PARAFAC study of L-cys@CdTe QDs interaction to BSA, cytochrome c and trypsin: An approach through electrostatic and covalent bonds
SPECTROCHIMICA ACTA PART A-MOLECULAR AND BIOMOLECULAR SPECTROSCOPY
Authors: Razavi, Mehri; Kompany-Zareh, Mohsen; Khoshkam, Maryam
Utilizing fluorescence spectroscopy, non-covalent and covalent interactions of L-cys@CdTe quantum dots to bo-vine serum albumin (BSA), cytochrome c and trypsin were investigated. L-cys@CdTe QDs with the emission maximum at 530 nm and an average diameter of 2.6 nm were synthesized in the aqueous medium. Formaldehyde, N(3-dimethylaminopropyl)-N-ethylcarbodiimide hydrochloride (EDC) with N-hydroxysuccinimide (NHS), and glutaraldehyde was applied as cross-linkers. In the case of both electrostatic and covalent strategies PARAFAC, as a powerful multi-way chemometrics technique, was utilized to analyze fluorescence excitation-emission (EEM) spectra. For non-covalent and covalent bonding, two and three significant components composed the PARAFAC models. Resolved EEM shows that in the presence of formaldehyde, a new component with an emission peak similar to BSA was obtained. Using EDC-NHS cross-linker, the fluorescence peak of the newly formed component was in a distinct wavelength with similar emission intensity, compared to L-cys@CdTe QDs and BSA. Employing glutaraldehyde, a distinguished component was easily detected at emission wavelengths higher than that of L-cys@CdTe QDs and proteins. It was concluded that the choice of cross-linker is a critical step to create different emission spectra when dealing with nano-bio-conjugations. This study shows that glutaraldehyde cross-linker leads to increase sensitivity, selectivity, and accuracy of protein analysis. (C) 2020 Elsevier B.V. All rights reserved.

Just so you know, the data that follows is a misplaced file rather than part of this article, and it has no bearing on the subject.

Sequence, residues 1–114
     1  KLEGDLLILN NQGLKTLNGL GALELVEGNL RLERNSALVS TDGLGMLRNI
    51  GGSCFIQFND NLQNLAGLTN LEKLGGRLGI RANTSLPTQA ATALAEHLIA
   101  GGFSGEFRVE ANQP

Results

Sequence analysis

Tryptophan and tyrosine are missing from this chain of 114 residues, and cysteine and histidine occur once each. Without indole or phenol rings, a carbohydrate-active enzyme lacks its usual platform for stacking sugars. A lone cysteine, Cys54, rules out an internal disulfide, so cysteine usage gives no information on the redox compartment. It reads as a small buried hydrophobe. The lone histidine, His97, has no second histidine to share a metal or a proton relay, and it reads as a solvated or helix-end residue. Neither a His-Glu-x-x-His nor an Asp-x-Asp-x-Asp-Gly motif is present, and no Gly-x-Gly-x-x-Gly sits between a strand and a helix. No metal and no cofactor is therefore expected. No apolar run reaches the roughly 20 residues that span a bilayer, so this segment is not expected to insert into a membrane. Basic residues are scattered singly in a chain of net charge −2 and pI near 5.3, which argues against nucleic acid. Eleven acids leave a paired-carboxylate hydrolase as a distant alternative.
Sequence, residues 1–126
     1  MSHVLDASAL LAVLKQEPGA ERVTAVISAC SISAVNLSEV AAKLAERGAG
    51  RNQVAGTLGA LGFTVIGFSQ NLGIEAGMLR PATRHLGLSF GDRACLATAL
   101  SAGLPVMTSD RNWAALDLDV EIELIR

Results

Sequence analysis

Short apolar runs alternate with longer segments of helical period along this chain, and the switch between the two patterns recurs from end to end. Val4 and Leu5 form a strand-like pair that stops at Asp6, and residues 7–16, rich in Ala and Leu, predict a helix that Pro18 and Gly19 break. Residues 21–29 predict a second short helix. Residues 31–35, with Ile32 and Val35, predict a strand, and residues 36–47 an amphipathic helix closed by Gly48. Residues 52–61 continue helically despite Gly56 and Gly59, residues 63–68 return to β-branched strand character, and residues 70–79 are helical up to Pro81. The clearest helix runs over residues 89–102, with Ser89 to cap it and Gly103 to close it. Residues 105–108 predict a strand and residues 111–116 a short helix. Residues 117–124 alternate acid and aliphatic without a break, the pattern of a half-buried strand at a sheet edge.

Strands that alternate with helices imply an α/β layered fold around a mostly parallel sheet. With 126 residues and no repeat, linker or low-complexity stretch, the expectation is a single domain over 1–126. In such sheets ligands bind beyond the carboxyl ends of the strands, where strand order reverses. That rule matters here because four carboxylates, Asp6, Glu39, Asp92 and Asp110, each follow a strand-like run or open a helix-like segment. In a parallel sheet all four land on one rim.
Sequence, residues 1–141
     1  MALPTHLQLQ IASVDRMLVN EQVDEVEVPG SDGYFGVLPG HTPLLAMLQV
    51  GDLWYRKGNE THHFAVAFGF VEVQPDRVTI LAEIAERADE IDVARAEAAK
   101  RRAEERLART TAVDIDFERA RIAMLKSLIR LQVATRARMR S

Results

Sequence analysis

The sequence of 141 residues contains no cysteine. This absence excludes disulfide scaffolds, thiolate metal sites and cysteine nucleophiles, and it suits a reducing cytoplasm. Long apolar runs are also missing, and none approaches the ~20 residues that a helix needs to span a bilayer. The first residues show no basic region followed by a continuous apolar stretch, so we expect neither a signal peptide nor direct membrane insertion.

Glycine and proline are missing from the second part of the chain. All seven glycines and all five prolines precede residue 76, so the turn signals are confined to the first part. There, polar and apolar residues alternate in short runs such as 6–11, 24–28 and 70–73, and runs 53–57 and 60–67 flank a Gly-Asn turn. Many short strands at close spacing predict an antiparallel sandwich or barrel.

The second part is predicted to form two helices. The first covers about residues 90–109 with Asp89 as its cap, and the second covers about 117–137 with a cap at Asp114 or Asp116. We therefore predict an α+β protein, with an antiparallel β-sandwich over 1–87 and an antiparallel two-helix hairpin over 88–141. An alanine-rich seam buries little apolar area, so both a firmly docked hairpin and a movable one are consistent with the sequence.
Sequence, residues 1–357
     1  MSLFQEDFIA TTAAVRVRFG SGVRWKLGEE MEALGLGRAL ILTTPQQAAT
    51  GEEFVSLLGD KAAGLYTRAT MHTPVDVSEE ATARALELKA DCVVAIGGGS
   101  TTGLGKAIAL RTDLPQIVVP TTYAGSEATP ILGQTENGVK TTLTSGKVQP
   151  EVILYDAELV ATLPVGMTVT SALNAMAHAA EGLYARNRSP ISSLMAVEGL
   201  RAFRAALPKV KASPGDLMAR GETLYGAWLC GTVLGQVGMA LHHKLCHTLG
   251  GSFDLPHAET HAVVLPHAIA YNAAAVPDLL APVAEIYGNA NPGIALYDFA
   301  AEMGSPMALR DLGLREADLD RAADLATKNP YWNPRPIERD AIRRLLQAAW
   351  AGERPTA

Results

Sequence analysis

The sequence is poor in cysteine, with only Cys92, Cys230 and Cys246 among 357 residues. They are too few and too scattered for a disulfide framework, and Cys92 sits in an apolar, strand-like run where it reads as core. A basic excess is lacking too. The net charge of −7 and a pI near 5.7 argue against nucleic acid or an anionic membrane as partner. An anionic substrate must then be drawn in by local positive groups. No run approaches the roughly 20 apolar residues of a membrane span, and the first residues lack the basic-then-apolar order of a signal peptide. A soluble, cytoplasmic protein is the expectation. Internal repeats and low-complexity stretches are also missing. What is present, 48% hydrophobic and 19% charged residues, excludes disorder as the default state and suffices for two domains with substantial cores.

Dietary arginine modulates nonspecific immune responses in Indian Major Carp, Cirrhinus mrigala exposed to hypoxia
Authors: Varghese, Tincy; Kumar, V. Rejish; Gopan, Amrutha; Valappil, Rajendran Kooloth; Sajina, K. A.; Mishal, Puthiyottil; Pal, Asim Kumar
Hypoxia in aquatic environment is often a recurrent stressor which can affect growth and health of fishes. However, nutritional intervention can help aquatic animals to cope up with environmental stressors so as to alleviate the adverse effects. Here, we examined the impact of L-Arginine (Arg) supplementation on hypoxia-induced changes in immune responses and resistance to Aeromonas hydrophila infection in Indian Major Carp, Cirrhinus mrigala. The fish were fed with graded levels of Arg for 60 days and exposed to 72 h sublethal level of hypoxia (0.50 +/- 0.16 mg/L dissolved oxygen [DO]). The six treatment groups with three replicates having different levels of Arginine such as N0.0 (0% Arg + Normoxia), H0.0 (0% Arg + Hypoxia), N0.7 (0.70% Arg + Normoxia), H0.7 (0.70% Arg + Hypoxia), N1.4 (1.40% Arg + Normoxia), and H1.4 (1.40% Arg + Hypoxia) were used in the study. Subsequently, the fish of different treatment groups were challenged with A. hydrophila. The hypoxia exposed fish exhibited significantly higher (P < .05) cumulative mortality compared to the unexposed fish, while Arg-fed groups showed reduced mortality irrespective of the level of dissolved oxygen. The albumin-globulin ratio, complement-3 response, respiratory burst, myeloperoxidase, serum antiprotease and lysozyme activities were significantly lower (P < .05) in hypoxia-exposed carp, revealing the increased susceptibility of fish to A. hydrophila is due to the immunosuppressive effect of hypoxia, which was improved in Arg-supplemented groups. We conclude that there is a possible role of hypoxia in sporadic outbreaks of bacterial diseases in carps as acute hypoxia causes immunosuppression which can be reversed by 0.7% Arg supplementation.